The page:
If I lived at the property and could check on the dropbox at least once a day starting on the first of the month, it might be a viable option.  But because I live off-site, it’s not the best option for me.

Collecting Rent Via the Mail

Another option I could use is requiring the tenants to pay rent via the mail.  But as I mentioned above, this can be a challenge.  If the rent doesn’t arrive, you will be stuck arguing with the tenant over whether they actually mailed the check or whether the post office misplaced it.  This also makes it difficult to charge a late fee.

Plus, if you have one or more tenants who wants to pay rent in cash, they can’t mail the cash to you.  (Well, they could try, but it would be colossally stupid to send cash in the mail.)  You could tell the tenant to pay you via check instead, but if the tenant doesn’t have a bank account, that won’t work.  They could get a cashier’s check or money order, but that costs money and it can be a pain to wait in line at a bank or post office to get that every month.

Besides, I think if the tenant insists on paying in cash, a landlord has to accept it.  I couldn’t find a statute under California law that says this, but I’ve been told this and I’ve read it in several reputable sources.  I think the genesis of the rule is in contract law.  If a tenant is performing under the rental contract by trying to pay rent in legal tender (cash), and the landlord refuses that method, the landlord has prevented the tenant from performing under the lease, and has effectively waived the right to payment.  That doesn’t mean a landlord is required to accept any method of payment that the tenant proposes, but cash is the official U.S. currency, so it seems like that would have to be accepted.

In sum, collecting rent via the mail would be okay, but it poses some significant problems.

Collecting Rent Via an In-Person Deposit at Your Bank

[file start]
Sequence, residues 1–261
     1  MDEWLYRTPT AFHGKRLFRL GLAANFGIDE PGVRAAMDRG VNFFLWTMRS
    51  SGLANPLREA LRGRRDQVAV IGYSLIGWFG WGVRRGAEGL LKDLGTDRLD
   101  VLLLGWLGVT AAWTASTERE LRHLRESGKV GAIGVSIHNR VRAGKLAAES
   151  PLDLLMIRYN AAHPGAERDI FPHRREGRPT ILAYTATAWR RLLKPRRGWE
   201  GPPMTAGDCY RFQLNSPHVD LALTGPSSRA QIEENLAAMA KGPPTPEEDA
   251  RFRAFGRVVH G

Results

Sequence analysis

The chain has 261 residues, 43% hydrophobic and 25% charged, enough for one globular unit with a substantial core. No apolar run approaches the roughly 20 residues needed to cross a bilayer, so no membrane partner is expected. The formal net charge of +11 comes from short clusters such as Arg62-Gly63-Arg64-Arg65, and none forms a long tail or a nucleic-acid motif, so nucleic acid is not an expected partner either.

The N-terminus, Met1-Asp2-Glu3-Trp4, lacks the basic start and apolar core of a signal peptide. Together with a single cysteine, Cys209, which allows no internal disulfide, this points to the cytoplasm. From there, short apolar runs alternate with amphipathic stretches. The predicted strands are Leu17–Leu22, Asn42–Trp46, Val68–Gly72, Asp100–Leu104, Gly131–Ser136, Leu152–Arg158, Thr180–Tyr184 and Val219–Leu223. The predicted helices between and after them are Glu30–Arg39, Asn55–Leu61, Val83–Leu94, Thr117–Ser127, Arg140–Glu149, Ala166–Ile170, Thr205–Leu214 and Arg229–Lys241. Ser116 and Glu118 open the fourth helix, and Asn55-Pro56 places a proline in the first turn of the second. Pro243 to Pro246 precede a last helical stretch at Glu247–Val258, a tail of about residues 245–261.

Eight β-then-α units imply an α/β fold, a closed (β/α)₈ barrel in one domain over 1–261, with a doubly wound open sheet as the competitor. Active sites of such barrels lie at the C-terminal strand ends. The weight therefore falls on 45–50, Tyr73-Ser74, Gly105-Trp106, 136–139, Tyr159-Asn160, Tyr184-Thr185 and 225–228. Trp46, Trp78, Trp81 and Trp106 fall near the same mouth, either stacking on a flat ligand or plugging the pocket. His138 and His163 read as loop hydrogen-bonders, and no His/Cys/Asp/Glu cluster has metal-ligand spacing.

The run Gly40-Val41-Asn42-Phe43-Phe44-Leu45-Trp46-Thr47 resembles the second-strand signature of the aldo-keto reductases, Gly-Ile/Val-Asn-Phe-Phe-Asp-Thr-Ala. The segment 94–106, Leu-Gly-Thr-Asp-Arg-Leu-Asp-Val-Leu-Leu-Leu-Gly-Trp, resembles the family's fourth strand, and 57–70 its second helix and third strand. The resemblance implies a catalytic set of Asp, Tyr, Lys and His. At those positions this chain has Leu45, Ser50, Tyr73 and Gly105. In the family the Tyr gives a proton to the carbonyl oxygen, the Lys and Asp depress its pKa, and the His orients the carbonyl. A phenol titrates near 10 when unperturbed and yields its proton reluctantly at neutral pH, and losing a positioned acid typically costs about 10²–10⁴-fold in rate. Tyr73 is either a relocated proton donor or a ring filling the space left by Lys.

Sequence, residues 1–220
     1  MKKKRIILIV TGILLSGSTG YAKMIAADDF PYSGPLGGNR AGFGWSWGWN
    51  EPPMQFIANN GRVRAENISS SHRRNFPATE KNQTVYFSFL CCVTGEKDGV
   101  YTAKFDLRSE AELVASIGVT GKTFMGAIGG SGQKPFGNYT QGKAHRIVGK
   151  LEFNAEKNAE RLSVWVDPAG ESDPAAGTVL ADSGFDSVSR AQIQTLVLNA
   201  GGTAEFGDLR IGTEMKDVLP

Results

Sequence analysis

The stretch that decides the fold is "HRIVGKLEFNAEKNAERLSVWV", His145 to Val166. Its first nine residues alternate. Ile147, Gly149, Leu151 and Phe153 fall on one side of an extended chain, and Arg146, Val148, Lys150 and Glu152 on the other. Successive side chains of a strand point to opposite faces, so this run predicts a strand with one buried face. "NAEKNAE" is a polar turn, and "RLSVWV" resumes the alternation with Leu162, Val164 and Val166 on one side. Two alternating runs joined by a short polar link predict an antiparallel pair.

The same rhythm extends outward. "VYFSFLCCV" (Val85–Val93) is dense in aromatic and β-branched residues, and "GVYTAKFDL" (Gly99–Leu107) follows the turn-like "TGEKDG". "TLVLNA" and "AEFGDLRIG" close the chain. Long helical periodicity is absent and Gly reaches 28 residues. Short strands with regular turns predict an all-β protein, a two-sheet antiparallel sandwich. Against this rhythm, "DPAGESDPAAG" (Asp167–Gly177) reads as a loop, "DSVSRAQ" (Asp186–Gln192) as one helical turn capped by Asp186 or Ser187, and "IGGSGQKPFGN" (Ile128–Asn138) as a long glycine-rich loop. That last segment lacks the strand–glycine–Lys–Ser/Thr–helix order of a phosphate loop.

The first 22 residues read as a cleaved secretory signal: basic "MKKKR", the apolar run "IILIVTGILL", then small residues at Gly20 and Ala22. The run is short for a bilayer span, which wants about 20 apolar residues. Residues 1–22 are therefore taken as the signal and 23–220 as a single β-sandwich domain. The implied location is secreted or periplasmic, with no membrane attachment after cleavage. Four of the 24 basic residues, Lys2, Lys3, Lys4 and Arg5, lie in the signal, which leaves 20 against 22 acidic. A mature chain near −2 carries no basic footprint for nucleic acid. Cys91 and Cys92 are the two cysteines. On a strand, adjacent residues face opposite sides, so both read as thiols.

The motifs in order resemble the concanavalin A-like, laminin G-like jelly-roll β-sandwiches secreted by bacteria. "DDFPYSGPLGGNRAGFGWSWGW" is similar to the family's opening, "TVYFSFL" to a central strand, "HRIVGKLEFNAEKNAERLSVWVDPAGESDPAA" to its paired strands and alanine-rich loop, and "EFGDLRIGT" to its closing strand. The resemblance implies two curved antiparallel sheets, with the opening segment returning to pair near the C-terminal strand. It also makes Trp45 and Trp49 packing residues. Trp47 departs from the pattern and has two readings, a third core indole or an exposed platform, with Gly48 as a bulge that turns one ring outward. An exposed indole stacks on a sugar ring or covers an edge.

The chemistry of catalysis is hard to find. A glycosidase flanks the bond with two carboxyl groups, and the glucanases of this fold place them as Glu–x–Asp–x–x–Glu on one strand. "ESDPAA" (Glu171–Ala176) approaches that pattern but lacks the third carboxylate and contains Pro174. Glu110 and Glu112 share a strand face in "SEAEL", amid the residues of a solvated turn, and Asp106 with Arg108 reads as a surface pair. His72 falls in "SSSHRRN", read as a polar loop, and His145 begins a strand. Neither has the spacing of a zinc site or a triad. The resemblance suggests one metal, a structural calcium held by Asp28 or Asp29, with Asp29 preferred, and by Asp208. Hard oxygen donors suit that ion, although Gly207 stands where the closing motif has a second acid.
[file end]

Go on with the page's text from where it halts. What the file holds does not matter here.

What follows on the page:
I know some landlords who have made their tenants pay rent by giving the tenant a stack of deposit slips in advance and requiring the tenant to go into the landlord’s bank and manually make a deposit.  I can’t believe any tenants wouldn’t be completely annoyed by this.  They need to take time out of their day, during normal working hours, to stand in line at a bank for this one task.  It’s not even their own bank, so they can’t get any other useful things done during that bank visit.

The other thing I’m not crazy about is you’ve just given the tenants your bank account number.  This increases the risk of a tenant attempting to use your bank account number to make electronic payments online with your money.  It’s true that your bank account number is already printed on the back of any checks you’ve deposited into your bank account.  It’s also printed on the front of your own checks if you’ve ever had to pay a tenant for anything (a returned security deposit, for example).  But just because it’s technically possible for a tenant to get your bank account number some other way doesn’t mean you should give them extra opportunities to steal your money.

Because this method places a pretty large burden on the tenant and contributes to making my bank account more vulnerable, I don’t want to collect rent this way.

Next time: a couple more methods for collecting rent, and the method I ultimately chose.

Landlords and Tenants: have you used any of these rent collection/payment methods before, and if so, how did they work for you?